Yesterday we celebrated the birthday of James “J Dilla” Yancy. J Dilla departed from this earth five years ago on February 10, three days after his 32 birthday and the release of his final album Donuts. It's hard to believe it has been five years considering his death elevated his status to one of the most revered creators in our lifetime, brought attention to a slew of understudies and damn near made his style a genre. His birth and departure in Black History Month is updating our collective soundtrack for the month of February as artists continue to pay tribute to Yancy.
As part of his Sunday School series, Fashawn dropped another exclusive from his Higher Learning 2 mixtape. Fashawn rocks over Dilla's “So Far To Go” from Donuts, giving it the girl woes treatment as Fashawn debates whether his relationship is worth the effort. What is it about Dilla beats that always brings out the heartfelt side of rappers?
Producer Nameless reworked six Dilla beats by placing his sampling touch to the source material and called it Adobe Dillastrator CS1. The album artwork is on point and Nameless handles the music with care. Here all six songs for free here.
The Smoking Section unearthed a live recording of jazz trio/NYU students Stray Phrases performing Donuts in its entirety to a disinterested college crowd (or so it sounds, I kept hearing a white girl bemoan sleeping and wanted to slap the taste out of her mouth) on Sunday October 17, 2010. The recording sounds as though those present were unaware of Stray Phrases focused track by track set. Stray Phrases is Storm Siegel on drums, Dave Mainella on piano and Evan Crane on bass.
2DopeBoyz re-upped DJ House Shoes' The King James Version mixtape. Composed two years ago during the saturated era of Dilla-reminiscing, this is a mixtape that lives up to its title as House Shoes and DJ Rhettmatic explore the samples from our most treasured Dilla productions. The King James Version is the essential liner notes to the Dilla catalog.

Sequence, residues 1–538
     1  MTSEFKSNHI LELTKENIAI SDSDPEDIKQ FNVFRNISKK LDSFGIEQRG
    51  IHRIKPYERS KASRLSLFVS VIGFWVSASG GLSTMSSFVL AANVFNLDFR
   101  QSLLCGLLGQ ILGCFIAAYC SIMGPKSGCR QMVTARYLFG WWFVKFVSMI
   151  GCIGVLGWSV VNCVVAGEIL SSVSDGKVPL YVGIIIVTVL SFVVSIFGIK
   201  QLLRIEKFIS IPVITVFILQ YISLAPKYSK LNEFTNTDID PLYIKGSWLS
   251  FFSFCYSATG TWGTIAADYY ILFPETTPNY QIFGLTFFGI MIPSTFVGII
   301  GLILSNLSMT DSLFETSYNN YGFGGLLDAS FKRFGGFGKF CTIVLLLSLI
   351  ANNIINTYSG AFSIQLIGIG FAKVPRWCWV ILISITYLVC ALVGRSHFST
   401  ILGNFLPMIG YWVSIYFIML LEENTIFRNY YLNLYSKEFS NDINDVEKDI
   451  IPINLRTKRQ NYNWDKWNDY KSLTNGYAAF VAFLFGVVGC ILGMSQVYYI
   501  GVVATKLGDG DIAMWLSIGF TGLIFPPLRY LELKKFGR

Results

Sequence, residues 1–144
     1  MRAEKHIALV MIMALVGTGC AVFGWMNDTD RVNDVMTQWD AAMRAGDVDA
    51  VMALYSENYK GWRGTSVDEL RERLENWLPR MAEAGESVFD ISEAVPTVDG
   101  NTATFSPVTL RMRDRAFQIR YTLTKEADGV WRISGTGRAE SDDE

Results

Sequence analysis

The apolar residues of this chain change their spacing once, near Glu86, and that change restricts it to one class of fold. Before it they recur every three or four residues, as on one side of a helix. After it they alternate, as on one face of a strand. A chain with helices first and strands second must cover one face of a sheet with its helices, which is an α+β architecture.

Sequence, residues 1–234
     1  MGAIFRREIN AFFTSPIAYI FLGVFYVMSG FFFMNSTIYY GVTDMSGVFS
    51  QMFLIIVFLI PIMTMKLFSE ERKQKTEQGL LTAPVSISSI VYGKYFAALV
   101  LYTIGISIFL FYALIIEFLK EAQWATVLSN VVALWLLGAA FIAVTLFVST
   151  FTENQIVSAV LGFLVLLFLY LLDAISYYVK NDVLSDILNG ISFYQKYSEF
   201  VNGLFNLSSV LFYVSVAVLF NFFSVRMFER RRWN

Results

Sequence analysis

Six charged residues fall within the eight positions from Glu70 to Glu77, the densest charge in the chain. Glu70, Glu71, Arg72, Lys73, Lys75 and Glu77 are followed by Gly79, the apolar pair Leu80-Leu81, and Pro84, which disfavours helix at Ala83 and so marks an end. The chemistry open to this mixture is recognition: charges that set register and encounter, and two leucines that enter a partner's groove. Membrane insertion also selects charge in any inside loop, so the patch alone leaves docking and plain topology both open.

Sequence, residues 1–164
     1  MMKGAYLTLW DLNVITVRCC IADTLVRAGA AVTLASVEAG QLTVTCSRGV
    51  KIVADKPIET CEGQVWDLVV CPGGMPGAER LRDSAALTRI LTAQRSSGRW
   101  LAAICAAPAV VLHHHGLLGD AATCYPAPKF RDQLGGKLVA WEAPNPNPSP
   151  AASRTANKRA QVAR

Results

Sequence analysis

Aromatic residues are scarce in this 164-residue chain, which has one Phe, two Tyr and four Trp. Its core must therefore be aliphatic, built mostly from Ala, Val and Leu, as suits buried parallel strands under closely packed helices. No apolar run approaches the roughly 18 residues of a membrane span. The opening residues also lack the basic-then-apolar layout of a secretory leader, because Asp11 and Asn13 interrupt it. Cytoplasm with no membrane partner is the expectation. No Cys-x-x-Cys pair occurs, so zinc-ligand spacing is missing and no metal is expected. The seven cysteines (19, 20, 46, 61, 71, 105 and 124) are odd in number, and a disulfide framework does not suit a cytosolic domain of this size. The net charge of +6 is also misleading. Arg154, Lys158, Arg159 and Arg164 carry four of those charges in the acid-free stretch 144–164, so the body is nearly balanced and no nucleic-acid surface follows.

Download it here.
Rhettmatic also submitted a Dilla-mix to Kevin Nottingham's blog that is 35 minutes of classics, rare beats and a live recording of Dilla performing a rendition of “Fuck The Police” in Paris, France on what would be his final tour. We've yet to absorb Rhettmatic's mix, but that recording alone makes his mix another “must download”. Get it here.
At the age of 16 Consequence made his rap debut on A Tribe Called Quest's Beats, Rhymes and Life record, most notably on the single “Stressed Out”. The song was produced by The Ummah, which consisted of Q-Tip, Ali Shaheed Muhammad and J Dilla. Consequence is one privileged dude and he continues to rock over Dilla production to this day. He recently dropped “The Consequences,” a Dilla beat that features Cons' cousin Q-Tip and is off his Movies On Demand 2 mixtape, which is out February 8.
Like the photo we ran with this piece? Pretty fuggin' transcendental, right? It was taken by photographer Raph Rashid in 2005 at Dilla's home studio in Los Angeles. Dilla was in and out of the hospital, but kept the complications under wraps. The photo was taken in the summer while Dilla was at work on The Shining, making this photo a rare moment before his death. The poster is available at Stones Throw and was published in Rashid's Behind The Beat: Hip Hop Home Studios book.